Who Has the Best VR and AR Hardware?
This year saw two mobile hardware giants, Google and Apple, reassert their support for AR and VR developers and entrepreneurs. Google’s improved Daydream 2.0 library of software will provide developers the ability to get their software running on more Android devices than ever. At their WWDC conference, Apple introduced ARKit, a rival software suite that will grant iOS devices a formal API for augmented reality development. While AR and VR are still arguably in their infancy, these moves by the two most influential mobile device companies show that the technologies are being embraced by the big hardware manufacturers. With wide AR and VR adoption on the horizon, it’s the perfect time to compare and contrast the most popular hardware platforms available for your app, as well as what’s required of your users.
AR VR Mobile Phone Technology
Like photography, the best VR and AR device is the one you have with you. Phones produced even from a year or two ago easily have the graphics processing power to handle low-resolution virtual reality experiences. This was at the heart of Google’s Cardboard initiative, which largely succeeded in exciting the public about the possibility of everyday VR and AR experiences.
While mobile devices have not yet reached the levels of fidelity offered by dedicated hardware like the HTC Vive or Oculus Rift, users require no additional hardware to get in on an engaging VR experience. Phones lend themselves well to the task because of their high-resolution screens, integrated GPS and accelerometers, and availability. All that’s required of the user is to purchase a headset, which are nowhere near expensive as dedicated hardware.
Oculus Rift VR
Credited with delivering the promise of a new and modern VR renaissance, Oculus Rift is a Facebook-owned company that produces dedicated virtual reality headsets. Presently, the Rift is marketed to and primarily used by gamers. Without any additional accessories, the Rift is capable of head tracking, but does not track a user’s movements around a room. Without Oculus Touch add-on, Rift does not track a user’s hands for 3D input. The Rift also requires a substantially powerful desktop computer in order to render its graphics. The result for the average user is a substantial upfront investment in order to experience low-latency VR. However, the Rift offers unmatched visual fidelity compared to a standard phone.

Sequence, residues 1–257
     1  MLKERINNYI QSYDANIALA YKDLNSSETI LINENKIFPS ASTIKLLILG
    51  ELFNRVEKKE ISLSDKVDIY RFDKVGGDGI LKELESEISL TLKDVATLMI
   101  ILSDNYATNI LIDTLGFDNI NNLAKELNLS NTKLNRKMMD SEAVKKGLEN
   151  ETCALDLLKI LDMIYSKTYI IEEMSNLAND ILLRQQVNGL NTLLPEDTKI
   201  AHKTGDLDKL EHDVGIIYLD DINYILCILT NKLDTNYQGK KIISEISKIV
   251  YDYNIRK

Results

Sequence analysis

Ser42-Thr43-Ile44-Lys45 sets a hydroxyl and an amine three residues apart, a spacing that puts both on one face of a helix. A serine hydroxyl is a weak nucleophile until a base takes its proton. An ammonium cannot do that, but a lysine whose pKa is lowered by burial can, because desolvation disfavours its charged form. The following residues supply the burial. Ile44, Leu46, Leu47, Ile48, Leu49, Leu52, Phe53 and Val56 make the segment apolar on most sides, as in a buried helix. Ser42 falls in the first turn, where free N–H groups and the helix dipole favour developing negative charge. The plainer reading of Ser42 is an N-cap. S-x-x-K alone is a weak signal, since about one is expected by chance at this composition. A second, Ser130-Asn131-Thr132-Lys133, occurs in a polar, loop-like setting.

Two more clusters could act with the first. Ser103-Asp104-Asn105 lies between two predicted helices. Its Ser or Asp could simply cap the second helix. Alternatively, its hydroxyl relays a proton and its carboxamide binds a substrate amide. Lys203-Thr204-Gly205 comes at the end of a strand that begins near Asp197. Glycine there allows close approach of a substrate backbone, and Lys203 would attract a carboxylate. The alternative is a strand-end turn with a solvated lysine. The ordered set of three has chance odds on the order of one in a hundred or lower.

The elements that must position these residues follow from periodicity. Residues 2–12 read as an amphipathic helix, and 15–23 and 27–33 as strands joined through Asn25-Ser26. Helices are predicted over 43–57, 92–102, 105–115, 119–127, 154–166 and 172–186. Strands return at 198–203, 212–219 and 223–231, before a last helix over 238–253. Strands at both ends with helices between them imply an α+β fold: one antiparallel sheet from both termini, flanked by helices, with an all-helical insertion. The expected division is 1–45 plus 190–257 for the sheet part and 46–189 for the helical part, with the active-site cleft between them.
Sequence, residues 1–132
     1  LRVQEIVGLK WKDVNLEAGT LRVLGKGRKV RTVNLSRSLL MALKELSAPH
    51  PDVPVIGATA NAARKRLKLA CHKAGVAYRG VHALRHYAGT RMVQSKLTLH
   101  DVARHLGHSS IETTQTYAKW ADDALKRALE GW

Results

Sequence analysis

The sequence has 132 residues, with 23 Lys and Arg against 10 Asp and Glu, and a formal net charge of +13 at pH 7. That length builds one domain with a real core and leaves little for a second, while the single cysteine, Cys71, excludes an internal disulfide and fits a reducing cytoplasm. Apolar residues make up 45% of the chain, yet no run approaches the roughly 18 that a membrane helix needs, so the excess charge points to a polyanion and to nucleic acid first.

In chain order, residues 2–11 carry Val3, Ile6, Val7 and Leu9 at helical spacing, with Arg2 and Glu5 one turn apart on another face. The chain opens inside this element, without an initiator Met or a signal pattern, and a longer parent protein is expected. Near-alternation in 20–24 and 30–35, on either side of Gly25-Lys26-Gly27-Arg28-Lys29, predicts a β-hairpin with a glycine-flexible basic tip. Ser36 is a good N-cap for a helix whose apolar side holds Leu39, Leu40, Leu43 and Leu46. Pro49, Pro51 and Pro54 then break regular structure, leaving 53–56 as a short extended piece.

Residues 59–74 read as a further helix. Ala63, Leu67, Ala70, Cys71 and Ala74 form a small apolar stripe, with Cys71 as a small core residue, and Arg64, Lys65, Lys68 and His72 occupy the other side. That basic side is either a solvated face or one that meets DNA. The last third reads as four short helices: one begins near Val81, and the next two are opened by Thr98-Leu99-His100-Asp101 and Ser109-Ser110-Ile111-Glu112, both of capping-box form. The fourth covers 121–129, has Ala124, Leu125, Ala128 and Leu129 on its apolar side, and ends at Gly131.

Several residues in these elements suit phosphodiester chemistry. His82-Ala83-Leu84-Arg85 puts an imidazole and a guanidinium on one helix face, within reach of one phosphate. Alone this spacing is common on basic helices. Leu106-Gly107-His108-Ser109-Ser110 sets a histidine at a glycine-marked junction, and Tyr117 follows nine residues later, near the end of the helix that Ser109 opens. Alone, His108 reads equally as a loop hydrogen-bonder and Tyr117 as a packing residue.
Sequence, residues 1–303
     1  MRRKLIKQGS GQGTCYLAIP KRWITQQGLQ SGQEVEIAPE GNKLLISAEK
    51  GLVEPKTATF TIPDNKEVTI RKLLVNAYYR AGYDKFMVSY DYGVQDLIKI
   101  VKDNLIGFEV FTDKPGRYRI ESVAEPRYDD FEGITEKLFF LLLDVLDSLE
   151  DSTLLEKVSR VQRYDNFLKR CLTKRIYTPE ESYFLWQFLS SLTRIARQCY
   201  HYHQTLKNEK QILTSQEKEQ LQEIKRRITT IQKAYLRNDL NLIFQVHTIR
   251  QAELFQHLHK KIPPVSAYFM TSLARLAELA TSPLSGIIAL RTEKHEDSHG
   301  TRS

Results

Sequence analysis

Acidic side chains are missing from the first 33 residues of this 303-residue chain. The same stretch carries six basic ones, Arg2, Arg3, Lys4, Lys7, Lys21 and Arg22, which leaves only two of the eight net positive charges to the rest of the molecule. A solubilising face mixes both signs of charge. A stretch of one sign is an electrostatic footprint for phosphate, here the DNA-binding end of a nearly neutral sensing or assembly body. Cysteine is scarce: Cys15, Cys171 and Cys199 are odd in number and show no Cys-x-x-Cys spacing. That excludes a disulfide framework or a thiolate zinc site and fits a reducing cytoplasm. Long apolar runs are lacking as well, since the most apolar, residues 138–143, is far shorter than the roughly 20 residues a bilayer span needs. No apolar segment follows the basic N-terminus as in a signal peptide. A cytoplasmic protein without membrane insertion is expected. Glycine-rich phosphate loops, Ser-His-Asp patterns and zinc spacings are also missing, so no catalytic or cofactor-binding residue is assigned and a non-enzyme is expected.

Mobile phone manufacturer HTC produces a product similar to the Rift, but goes one step further. Seeking immersion for its users above everything else, the Vive supports full full-body motion tracking through a series of sensors deployed around a room, as well as control that users grip in order to interact with the VR experience. The result is that users can walk around a virtual space, peeking around corners and looking over ledges, and even crawling around. This interactivity comes at a cost, however. Users can expect to pay substantially more than both a phone and the Rift for a Vive. Space is also a premium that must be paid, as the Vive requires a dedicated floor space to be clear in order to work properly.
Work with VR and AR Specialists
No matter what platform or hardware you want to create an augmented or virtual reality application for, you’re going to need one thing: A proven technology leader. Our engineers and programmers distinguish themselves because they are committed to learning the latest AR and VR technologies. It doesn’t matter if it’s a game, an interactive experience, or enterprise application. We’re ready to work with you to make your concept a reality. If you’re exploring the possibilities of AR or VR, make sure to contact one of our account executives to see how Zco can help you achieve your goals.